Published in Field Reports

By Oleg Salimov (11/11/2014 issue of the CACI Analyst)

Representatives of Afghanistan took part in parliamentary assembly meeting of the Collective Security Treaty Organization (CSTO) in Moscow on November 6. The assembly identified as priorities the threats of terrorism, extremism, and drug trafficking in Afghanistan and neighboring Central Asian countries. According to Tajikistan’s national information agency Khovar, similar questions were discussed during a recent meeting between Tajikistan’s President Emomali Rakhmon and the secretary of Russia’s Security Council Nikolai Patrushev on October 16 in Dushanbe.

As reported by opposition and independent media in Tajikistan, the meeting was held behind closed doors with only a few reporters of a state-sponsored news agency present. The later issued statement for the press accentuated Tajik-Afghan border security, the perspectives of Russian-Tajik military cooperation, and informational security. Other participants of the meeting in Dushanbe included representatives of Russia’s Ministry of Foreign Affairs, Ministry of Defense, and Federal Security Bureau. The meeting in Dushanbe and the following CSTO meeting in Moscow were rounded up by Russian President Vladimir Putin’s announcement of Russia’s willingness to assist the Afghan government in its efforts to restore peace and security in the country.

The conclusion of the active part of the military operation in Afghanistan and the long planned withdrawal of International Security Assistance Forces in 2014 has triggered active consultations among Central Asian countries, Russia, and China in the CSTO and SCO formats. Possessing the longest border with Afghanistan among the Central Asian republics, which stretches through inaccessible mountainous regions, Tajikistan is the most vulnerable to security threats if the situation in Afghanistan deteriorates. Other complicating factors include Tajikistan’s fragile political stability, the inability of Tajikistan’s military to control the Tajik-Afghan border, and the threats of homegrown Islamic radicals.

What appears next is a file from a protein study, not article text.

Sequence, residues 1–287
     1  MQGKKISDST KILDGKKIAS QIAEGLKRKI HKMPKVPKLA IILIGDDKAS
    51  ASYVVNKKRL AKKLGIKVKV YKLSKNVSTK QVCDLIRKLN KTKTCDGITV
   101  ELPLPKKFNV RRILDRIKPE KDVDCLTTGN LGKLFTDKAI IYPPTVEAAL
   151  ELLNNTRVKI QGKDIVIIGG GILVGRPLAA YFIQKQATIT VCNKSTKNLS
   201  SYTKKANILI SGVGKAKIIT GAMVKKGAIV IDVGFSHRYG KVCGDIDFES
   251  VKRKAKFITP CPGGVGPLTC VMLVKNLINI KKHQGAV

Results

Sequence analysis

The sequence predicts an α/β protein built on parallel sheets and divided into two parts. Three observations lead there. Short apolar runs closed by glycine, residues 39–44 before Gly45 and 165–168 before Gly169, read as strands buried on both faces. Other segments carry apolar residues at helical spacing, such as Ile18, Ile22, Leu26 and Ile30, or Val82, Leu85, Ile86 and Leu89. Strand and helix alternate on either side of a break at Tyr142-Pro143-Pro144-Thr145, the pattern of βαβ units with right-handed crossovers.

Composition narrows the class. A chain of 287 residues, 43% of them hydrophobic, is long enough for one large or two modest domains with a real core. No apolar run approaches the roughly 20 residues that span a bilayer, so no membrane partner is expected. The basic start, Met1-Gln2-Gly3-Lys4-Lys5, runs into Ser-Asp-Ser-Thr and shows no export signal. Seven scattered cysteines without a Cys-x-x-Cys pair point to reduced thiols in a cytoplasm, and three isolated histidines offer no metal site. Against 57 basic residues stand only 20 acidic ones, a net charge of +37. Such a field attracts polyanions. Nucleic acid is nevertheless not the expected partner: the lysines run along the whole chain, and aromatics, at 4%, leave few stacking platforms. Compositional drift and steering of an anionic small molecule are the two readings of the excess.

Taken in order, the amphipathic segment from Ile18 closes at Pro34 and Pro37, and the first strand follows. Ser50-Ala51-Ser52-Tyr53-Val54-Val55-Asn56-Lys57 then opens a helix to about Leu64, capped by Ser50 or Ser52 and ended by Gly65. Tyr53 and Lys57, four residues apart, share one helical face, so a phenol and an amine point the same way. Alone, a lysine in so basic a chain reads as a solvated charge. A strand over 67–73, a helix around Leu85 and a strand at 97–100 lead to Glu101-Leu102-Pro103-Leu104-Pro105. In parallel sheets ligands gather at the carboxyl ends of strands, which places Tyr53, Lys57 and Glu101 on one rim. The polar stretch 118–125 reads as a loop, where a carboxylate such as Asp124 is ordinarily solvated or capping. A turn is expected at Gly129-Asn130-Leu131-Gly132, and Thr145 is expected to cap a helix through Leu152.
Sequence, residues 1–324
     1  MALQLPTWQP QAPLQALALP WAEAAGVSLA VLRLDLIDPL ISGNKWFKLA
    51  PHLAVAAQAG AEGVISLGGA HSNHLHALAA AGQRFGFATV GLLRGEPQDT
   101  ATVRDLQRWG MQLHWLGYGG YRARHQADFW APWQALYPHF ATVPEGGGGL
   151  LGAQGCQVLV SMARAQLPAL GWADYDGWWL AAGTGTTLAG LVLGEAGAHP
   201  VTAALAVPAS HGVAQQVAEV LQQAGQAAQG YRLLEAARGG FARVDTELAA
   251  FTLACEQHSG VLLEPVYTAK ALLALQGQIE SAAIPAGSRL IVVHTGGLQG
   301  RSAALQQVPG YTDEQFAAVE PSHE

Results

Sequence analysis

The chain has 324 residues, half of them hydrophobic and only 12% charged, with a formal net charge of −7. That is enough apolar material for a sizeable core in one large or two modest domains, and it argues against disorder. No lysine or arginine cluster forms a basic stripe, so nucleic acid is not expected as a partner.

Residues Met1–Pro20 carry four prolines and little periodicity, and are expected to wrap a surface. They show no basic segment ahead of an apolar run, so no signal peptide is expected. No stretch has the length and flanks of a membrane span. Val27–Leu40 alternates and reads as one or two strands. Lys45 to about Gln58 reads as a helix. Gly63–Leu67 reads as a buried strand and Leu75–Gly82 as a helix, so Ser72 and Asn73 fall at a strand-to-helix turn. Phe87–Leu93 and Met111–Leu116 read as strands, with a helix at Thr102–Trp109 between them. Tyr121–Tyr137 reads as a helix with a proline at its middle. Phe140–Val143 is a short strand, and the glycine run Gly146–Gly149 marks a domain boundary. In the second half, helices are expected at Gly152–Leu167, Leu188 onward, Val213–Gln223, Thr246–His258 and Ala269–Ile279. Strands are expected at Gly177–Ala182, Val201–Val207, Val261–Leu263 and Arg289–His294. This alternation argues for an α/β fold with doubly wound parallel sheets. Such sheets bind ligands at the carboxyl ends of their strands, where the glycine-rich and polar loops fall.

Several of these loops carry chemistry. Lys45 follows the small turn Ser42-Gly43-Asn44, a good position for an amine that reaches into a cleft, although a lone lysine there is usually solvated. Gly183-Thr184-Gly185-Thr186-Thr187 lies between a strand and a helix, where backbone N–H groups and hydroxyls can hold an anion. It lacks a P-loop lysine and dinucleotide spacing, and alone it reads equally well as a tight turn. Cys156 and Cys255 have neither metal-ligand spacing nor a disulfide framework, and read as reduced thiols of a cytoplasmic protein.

Hizb ut-Tahrir is considered by the Tajik government as the main extremist organization spreading the ideas of radical Islam in Tajikistan. The organization confesses to a salafist-wahhabist ideology, possesses strong ties with radicals in Afghanistan and Pakistan, and propagandizes the creation of a worldwide Islamic caliphate. The other extremist organization is the Islamic Movement of Uzbekistan located primarily on the territory of Afghanistan and having numerous supporters in Tajikistan, Uzbekistan, and Kyrgyzstan. The predecessors of the IMU, founded in 1998, were fighting on the side of Islamic opposition during the Tajik Civil War and also took part in Commander Makhmud Khudoberdiev’s attack on Northern Tajikistan in November 1998.

A number of Tajiks are also currently fighting for ISIS in Iraq and Syria and concerns are growing that their return could coincide with a potential restoration of Taliban power in Afghanistan and facilitate coordinated attacks on both sides of the Tajik-Afghan border. According to Tajik state media, five Tajiks were convicted in Tajikistan on charges of terrorism upon return from Syria earlier this year and Tajik officials issued condemnation after reports of a Tajik citizen being appointed by ISIS as the head of Ar-Raqqah in Syria after the fall of the city. While radicalization previously mainly affected Tajikistan’s southern regions, observers report a growing number of Islamic radicals in Northern Tajikistan according to Radio Ozodi.  

The problem is multiplied by the Tajik government’s inability to fully control the Autonomous Badakhshan region which borders Afghanistan. Badakhshan became a hideout area for irreconcilable post-Civil war militants and a hotbed of radical Islam. Rakhmon ordered several military operations in Badakhshan after terrorist attacks on Tajik government officials in 2010 and 2012. The military actions had little to no effect in improving security in the region. The nominal government control implies higher penetration of the border by extremists and drug traffickers, the Tajik government’s neglect of which is frequently highlighted by local independent media. Tajikistan is the second largest source of northward trafficking of Afghan heroin after Iran.

The situation deteriorated after the withdrawal of a Russian border patrol contingent in 2005. While Russia continued to maintain an Operational Border Group in Tajikistan after 2005, the recent border cooperation agreement signed in September 2014 foresees the reduction of this group from 350 to 200 specialists and duties void of operational actions to consultation “on request” only. Drug trafficking and the spread of extremists to its southern and predominantly Muslim regions were constant concerns of the Russian government and one of the main arguments for its military presence on the Tajik-Afghan border. This consideration has motivated a proposal of Russian technical military assistance to Tajikistan of up to US$ 200 million until 2025.

The visit of Nikolai Patrushev to Dushanbe and the following security meeting in Moscow demonstrates Russia’s determination to step in after ISAF’s withdrawal from Afghanistan. There has so far been no official reaction from Tajikistan and other Central Asian countries, including Afghanistan, on these perspectives and Vladimir Putin’s announcement. 

Published in Field Reports
Wednesday, 29 October 2014 10:15

Former Tajik Minister Faces Additional Charges

By Oleg Salimov (10/29/2014 issue of the CACI Analyst)